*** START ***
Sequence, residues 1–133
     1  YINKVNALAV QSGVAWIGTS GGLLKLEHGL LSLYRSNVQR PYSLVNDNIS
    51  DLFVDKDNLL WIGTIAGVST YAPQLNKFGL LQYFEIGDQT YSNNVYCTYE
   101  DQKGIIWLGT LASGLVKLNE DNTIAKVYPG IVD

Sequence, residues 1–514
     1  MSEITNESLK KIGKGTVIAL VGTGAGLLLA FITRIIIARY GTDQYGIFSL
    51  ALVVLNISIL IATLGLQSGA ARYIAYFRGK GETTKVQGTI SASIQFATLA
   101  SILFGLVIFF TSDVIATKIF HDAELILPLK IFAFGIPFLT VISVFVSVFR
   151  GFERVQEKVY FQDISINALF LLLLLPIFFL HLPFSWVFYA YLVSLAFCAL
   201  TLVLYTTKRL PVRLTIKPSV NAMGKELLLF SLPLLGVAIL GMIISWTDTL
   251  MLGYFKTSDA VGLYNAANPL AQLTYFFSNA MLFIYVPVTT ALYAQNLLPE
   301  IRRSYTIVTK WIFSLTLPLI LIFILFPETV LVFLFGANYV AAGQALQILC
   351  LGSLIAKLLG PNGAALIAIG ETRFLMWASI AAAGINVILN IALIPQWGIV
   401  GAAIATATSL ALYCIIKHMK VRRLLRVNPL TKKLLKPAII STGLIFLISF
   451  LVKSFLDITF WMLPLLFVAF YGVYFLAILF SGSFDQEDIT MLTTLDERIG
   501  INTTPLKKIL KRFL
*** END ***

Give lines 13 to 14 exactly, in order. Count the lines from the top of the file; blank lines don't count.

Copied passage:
   351  LGSLIAKLLG PNGAALIAIG ETRFLMWASI AAAGINVILN IALIPQWGIV
   401  GAAIATATSL ALYCIIKHMK VRRLLRVNPL TKKLLKPAII STGLIFLISF